Normally, character workflow from scratch goes like this:
1-Skeleton created (using BIPED)
2-Model created using skeleton for posture reference
3-Texture
4-Binding/Skinning
5-export mesh/bones
6-Rigging skeleton
7-Animating
8-export animations
9-tell engine what animation/animation set the character model file uses

With .x you eliminate steps 5, 6, and 8, exporting to .x format when finished.

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Quote:
In most professional games, the animations are exported as files individual from the character mesh, and have to do with bone rotation, not vertex matrix manipulation (as far as I know). This is so two characters can use the same 'walk.xx' animation file, meaning smaller file sizes, and loading the file only once. If you are modding a game, you should import a character and see how its set up... it'll be a mesh, bone system, and Skin modifier, in all likelihood. There will be no animation in the character model file.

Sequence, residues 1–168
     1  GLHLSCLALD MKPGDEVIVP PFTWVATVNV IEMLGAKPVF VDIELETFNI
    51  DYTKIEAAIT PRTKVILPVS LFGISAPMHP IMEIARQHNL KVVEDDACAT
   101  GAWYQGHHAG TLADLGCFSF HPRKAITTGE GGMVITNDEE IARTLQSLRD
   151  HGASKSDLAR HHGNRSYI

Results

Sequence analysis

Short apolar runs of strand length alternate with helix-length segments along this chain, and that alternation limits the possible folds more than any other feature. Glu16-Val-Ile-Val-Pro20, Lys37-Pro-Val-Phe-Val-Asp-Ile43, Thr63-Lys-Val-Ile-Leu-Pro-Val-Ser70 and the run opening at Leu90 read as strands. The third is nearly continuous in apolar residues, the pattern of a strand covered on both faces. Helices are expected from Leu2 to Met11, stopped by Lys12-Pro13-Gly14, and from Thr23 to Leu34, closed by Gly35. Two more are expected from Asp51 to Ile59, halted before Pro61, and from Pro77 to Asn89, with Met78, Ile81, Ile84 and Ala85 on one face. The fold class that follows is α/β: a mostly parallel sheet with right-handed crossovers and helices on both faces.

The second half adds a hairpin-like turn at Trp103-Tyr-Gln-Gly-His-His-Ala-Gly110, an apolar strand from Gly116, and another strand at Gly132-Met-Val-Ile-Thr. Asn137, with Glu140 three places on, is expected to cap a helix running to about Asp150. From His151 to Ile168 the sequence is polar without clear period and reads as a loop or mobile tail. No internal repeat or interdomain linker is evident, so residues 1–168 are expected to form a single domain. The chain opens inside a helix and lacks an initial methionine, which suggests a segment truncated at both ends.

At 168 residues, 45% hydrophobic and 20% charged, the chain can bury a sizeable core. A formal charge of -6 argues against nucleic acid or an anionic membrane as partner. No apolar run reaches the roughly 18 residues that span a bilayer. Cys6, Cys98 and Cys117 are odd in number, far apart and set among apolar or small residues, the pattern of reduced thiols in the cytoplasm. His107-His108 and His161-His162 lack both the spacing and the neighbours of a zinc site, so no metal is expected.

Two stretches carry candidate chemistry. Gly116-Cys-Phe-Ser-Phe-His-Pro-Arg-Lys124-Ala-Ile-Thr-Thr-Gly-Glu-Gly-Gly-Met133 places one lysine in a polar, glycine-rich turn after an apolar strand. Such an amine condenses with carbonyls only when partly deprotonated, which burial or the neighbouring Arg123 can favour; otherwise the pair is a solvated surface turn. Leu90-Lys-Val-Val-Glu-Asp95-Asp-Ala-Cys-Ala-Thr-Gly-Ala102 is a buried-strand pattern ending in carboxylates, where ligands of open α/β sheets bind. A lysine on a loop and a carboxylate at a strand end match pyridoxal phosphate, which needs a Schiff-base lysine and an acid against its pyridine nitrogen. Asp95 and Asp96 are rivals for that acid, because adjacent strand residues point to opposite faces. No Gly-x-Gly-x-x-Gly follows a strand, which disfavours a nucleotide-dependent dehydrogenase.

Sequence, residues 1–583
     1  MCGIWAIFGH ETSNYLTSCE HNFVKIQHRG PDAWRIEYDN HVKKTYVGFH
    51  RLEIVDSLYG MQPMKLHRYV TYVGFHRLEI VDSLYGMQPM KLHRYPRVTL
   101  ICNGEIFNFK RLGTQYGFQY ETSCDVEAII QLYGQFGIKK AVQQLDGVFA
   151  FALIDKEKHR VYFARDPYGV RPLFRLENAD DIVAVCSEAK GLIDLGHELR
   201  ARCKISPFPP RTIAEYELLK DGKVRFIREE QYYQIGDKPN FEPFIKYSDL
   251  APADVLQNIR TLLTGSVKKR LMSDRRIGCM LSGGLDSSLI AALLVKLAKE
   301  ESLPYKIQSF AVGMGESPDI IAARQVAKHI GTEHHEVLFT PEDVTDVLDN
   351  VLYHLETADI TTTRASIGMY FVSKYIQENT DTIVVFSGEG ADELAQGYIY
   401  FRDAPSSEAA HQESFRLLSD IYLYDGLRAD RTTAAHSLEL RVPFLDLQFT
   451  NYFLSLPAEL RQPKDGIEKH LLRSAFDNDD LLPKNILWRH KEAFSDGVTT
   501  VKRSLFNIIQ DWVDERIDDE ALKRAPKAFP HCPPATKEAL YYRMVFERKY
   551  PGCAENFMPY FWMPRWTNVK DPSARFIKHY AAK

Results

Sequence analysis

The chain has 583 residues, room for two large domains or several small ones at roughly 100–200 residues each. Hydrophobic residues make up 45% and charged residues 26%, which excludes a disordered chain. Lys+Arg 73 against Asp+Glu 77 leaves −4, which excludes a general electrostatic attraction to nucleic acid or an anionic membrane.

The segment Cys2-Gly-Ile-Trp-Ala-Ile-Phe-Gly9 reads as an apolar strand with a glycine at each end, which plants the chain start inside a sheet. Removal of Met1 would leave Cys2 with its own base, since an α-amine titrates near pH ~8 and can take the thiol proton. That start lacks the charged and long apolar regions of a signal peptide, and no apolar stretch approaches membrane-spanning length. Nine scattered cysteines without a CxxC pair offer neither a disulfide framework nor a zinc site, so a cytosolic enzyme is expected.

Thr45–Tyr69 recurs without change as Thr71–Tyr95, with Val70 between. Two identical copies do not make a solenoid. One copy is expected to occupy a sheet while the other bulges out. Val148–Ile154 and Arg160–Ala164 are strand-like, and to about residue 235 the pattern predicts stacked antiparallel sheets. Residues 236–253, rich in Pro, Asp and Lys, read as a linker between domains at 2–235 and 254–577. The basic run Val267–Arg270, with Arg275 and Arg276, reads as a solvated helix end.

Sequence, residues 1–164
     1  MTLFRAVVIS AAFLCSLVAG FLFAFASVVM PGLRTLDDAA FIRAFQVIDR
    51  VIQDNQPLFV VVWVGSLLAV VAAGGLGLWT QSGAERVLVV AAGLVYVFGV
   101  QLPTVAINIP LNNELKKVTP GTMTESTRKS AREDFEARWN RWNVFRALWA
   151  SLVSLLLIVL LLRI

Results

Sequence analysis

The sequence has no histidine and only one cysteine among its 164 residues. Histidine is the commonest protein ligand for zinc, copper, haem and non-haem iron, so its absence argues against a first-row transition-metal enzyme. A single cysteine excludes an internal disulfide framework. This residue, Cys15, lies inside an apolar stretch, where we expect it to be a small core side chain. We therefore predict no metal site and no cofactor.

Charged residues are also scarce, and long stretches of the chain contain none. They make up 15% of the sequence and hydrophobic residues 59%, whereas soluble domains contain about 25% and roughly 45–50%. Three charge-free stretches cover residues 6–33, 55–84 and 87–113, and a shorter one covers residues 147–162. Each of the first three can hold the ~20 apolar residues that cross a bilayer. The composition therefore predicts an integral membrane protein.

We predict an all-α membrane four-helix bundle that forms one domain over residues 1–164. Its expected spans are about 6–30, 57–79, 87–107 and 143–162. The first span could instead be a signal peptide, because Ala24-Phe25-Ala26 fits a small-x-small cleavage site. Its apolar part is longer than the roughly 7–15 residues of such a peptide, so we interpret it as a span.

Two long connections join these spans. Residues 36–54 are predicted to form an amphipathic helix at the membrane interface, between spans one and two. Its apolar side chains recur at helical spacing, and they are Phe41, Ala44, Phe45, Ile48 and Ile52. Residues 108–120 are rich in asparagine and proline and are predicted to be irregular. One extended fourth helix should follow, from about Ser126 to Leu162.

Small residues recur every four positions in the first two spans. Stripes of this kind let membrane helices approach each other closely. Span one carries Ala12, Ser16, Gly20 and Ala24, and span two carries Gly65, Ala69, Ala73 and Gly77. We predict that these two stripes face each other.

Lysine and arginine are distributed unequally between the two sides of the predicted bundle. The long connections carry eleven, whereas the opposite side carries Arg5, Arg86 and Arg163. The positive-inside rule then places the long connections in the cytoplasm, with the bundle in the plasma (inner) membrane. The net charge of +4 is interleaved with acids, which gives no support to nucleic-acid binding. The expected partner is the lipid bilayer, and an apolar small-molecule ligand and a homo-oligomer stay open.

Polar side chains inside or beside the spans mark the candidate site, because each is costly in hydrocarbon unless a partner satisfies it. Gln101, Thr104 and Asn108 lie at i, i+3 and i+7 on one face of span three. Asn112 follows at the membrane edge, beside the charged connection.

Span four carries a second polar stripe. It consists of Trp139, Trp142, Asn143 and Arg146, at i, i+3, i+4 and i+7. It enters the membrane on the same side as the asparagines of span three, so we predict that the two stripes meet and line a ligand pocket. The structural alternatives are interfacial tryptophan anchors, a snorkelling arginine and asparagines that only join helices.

Vertex matrix manipulation is done. Some file formats (such as .x) support both vertex matrix data and bone data within the file format itself. While it is becoming increasingly popular to have individual model files with separate bone and skin data files, this isn't necessarily always the case.

Quote:
AFAIK .x animation uses vertex calculations, and not based on bones, but I think there is an option to change that or keep the bones. But you need the actual model because it animates based on vertices, not bone information (ie, you can't export the animation seperately and combine it with a rigged model).

.x support FK bone rigs. Matrix transforms can be done on the bones to manipulate the model, depending on how a game engine is written. The bone information is still kept within the .x file, however.

to OP -
I'm not familiar with Character Studio, but those faces/vertices you're refering to, aren't those the skeleton? After a mesh has been bound to a skeleton, you simply control the skeleton to make manipulations easier.